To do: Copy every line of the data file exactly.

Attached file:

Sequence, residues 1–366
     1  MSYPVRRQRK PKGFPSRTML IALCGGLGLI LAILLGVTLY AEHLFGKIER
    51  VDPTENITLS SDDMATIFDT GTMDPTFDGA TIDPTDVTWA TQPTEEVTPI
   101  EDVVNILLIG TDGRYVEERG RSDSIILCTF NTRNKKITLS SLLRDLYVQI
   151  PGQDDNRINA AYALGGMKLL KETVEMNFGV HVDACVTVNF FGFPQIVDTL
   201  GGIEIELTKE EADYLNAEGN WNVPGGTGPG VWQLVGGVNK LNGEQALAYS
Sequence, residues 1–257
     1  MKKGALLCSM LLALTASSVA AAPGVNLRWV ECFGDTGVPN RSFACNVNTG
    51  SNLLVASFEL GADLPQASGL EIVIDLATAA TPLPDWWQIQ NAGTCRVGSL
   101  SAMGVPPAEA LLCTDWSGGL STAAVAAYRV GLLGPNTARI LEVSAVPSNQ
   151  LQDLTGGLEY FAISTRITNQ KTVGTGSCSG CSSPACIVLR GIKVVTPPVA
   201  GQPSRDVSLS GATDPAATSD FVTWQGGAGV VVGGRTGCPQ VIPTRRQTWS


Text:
Sequence, residues 1–366
     1  MSYPVRRQRK PKGFPSRTML IALCGGLGLI LAILLGVTLY AEHLFGKIER
    51  VDPTENITLS SDDMATIFDT GTMDPTFDGA TIDPTDVTWA TQPTEEVTPI
   101  EDVVNILLIG TDGRYVEERG RSDSIILCTF NTRNKKITLS SLLRDLYVQI
   151  PGQDDNRINA AYALGGMKLL KETVEMNFGV HVDACVTVNF FGFPQIVDTL
   201  GGIEIELTKE EADYLNAEGN WNVPGGTGPG VWQLVGGVNK LNGEQALAYS
Sequence, residues 1–257
     1  MKKGALLCSM LLALTASSVA AAPGVNLRWV ECFGDTGVPN RSFACNVNTG
    51  SNLLVASFEL GADLPQASGL EIVIDLATAA TPLPDWWQIQ NAGTCRVGSL
   101  SAMGVPPAEA LLCTDWSGGL STAAVAAYRV GLLGPNTARI LEVSAVPSNQ
   151  LQDLTGGLEY FAISTRITNQ KTVGTGSCSG CSSPACIVLR GIKVVTPPVA
   201  GQPSRDVSLS GATDPAATSD FVTWQGGAGV VVGGRTGCPQ VIPTRRQTWS